When to Talk to Your Doctor About that Bruise

Posted by Marjorie Broussard, M.D. on Sep 30, 2015 9:00:00 AM

It’s happened to all of us. Someone looks at your arm or leg and says “how did you get that bruise?!” When you look down at the purplish blue mark on your body you just cannot remember what could have caused it. You brush it off with a shrug. Maybe you say, “I probably ran into something. I don’t remember.”

Bruises are a normal part of everyday life for most people, but not all bruises are as harmless as they may seem. In fact, some bruising may indicate a serious medical condition that requires attention from your doctor. 

What Is a Normal Bruise?

To be honest, there’s no such thing as a “normal” bruise. Our bodies bruise after an impactful injury breaks the capillaries near the surface of the skin. Blood leaks out of these broken vessels and pools under your skin’s surface, resulting in a purple, red or black mark. After a while, this blood is reabsorbed by the body and the mark disappears. Because every injury is different, and everyone’s body reacts to injury differently, no two bruises are the same. 


What Causes Some People to Bruise Easier Than Others?

Not all bodies are the same. Because of this, some people bruise easier than others. There also may be other normal contributing factors. These can include: 

  • Age – As we get older, our skin thins and the collagen and fat, both of which provide protection from impact, diminish. Also, the blood vessels in older bodies don’t maintain the same structural integrity as in a younger body, so even a slight bump on a table could cause the vessels to break. This is why the older we get, the more easily we seem to bruise.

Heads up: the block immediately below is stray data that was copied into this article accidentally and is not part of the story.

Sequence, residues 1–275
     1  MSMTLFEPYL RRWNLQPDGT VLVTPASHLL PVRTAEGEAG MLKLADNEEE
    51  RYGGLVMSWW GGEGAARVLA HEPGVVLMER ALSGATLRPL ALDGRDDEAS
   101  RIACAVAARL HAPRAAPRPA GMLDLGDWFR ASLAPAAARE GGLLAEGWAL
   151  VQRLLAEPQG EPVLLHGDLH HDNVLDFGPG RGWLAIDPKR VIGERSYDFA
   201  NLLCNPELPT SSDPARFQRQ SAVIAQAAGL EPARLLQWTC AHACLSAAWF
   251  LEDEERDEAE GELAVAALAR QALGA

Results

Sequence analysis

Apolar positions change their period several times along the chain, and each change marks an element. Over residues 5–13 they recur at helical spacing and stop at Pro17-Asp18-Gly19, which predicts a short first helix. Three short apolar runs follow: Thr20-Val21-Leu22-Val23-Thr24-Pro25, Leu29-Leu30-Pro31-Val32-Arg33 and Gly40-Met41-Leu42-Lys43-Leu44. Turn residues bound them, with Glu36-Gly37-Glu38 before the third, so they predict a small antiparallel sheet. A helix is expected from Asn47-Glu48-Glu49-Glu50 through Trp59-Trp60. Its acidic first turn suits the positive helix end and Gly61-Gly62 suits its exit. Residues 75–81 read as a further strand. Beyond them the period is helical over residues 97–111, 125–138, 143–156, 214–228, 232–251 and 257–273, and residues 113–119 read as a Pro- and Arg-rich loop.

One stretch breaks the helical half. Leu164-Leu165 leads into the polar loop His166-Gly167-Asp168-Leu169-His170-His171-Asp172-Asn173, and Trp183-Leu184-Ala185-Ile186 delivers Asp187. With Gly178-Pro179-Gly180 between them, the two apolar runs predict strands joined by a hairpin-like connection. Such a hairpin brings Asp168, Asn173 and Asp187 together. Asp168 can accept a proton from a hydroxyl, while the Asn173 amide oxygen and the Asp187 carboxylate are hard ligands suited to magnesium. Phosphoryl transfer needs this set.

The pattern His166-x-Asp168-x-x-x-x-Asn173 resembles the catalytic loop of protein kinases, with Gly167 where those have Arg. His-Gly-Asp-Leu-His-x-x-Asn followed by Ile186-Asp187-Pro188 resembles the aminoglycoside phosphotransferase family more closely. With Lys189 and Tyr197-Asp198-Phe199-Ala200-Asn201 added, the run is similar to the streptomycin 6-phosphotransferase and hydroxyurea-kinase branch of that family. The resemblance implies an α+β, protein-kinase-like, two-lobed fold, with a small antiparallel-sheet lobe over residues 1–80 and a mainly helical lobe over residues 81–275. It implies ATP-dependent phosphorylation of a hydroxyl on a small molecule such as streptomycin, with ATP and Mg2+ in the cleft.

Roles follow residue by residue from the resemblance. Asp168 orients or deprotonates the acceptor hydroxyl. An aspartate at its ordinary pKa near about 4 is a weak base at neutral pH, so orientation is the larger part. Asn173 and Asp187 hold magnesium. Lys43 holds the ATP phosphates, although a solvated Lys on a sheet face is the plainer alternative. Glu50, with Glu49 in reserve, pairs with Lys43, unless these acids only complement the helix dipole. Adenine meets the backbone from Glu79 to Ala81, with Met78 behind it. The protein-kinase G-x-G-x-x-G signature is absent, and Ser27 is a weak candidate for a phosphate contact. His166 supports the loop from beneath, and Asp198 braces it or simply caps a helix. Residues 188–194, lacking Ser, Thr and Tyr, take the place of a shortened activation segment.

• Medication – Some medications, such as aspirin, impedes the blood’s ability to clot. The longer it takes blood to clot, the longer it will leak out from a broken blood vessel, resulting in a bruise. Other medications, such as corticosteroids that you may take for allergies or skin conditions may cause your skin to thin, which results in more bruises.
  • Supplements – There are some dietary supplements that cause blood to thin, and this means that it takes longer for blood to clot. Fish oil and ginkgo are common supplements that have this effect in some people.

When Should I be Concerned About Bruising?

While most bruising is just the result of normal, everyday activities, there are some cases in which you need to see your doctor, such as:

  • Painful swelling at the site of the bruise following an injury – this could indicate a sprain or fracture at the injury site.
  • Sudden or frequent bruises (actually blood spots) that appear tiny, flat and red or purple on the skin which were not caused by injury – this could indicate an infection, a bleeding or clotting disorder, or more serious conditions that require medical attention. 

Ultimately, if you are concerned about your health, the best thing to do is go and see your physician.

If you have a question about bruising, leave a comment!

Broussard_MarjorieDr. Marjorie Broussard is a board-certified Family Medicine physician at Cinco Ranch Clinic. She helps her patients manage chronic medical conditions, such as diabetes and high blood pressure. Her clinical interests include preventive medicine and women’s health.


Topics: bruise

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